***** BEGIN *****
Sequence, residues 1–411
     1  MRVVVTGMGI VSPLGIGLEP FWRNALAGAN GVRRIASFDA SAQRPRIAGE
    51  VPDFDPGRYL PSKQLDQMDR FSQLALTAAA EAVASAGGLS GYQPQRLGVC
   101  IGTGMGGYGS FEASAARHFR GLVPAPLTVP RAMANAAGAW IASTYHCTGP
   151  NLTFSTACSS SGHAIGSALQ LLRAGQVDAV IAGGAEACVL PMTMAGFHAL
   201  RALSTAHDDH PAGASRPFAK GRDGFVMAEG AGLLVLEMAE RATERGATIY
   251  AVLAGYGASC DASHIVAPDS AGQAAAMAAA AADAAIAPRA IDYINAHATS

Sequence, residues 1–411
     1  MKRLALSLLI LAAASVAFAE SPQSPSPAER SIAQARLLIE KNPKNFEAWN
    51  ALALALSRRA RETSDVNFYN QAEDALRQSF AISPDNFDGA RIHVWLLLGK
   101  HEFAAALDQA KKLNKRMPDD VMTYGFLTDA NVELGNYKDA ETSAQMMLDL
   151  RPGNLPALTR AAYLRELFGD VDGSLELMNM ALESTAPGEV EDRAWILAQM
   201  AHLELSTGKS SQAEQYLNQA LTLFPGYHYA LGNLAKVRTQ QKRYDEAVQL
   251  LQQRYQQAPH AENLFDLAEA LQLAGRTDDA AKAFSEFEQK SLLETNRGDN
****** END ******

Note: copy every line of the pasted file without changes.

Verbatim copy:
Sequence, residues 1–411
     1  MRVVVTGMGI VSPLGIGLEP FWRNALAGAN GVRRIASFDA SAQRPRIAGE
    51  VPDFDPGRYL PSKQLDQMDR FSQLALTAAA EAVASAGGLS GYQPQRLGVC
   101  IGTGMGGYGS FEASAARHFR GLVPAPLTVP RAMANAAGAW IASTYHCTGP
   151  NLTFSTACSS SGHAIGSALQ LLRAGQVDAV IAGGAEACVL PMTMAGFHAL
   201  RALSTAHDDH PAGASRPFAK GRDGFVMAEG AGLLVLEMAE RATERGATIY
   251  AVLAGYGASC DASHIVAPDS AGQAAAMAAA AADAAIAPRA IDYINAHATS

Sequence, residues 1–411
     1  MKRLALSLLI LAAASVAFAE SPQSPSPAER SIAQARLLIE KNPKNFEAWN
    51  ALALALSRRA RETSDVNFYN QAEDALRQSF AISPDNFDGA RIHVWLLLGK
   101  HEFAAALDQA KKLNKRMPDD VMTYGFLTDA NVELGNYKDA ETSAQMMLDL
   151  RPGNLPALTR AAYLRELFGD VDGSLELMNM ALESTAPGEV EDRAWILAQM
   201  AHLELSTGKS SQAEQYLNQA LTLFPGYHYA LGNLAKVRTQ QKRYDEAVQL
   251  LQQRYQQAPH AENLFDLAEA LQLAGRTDDA AKAFSEFEQK SLLETNRGDN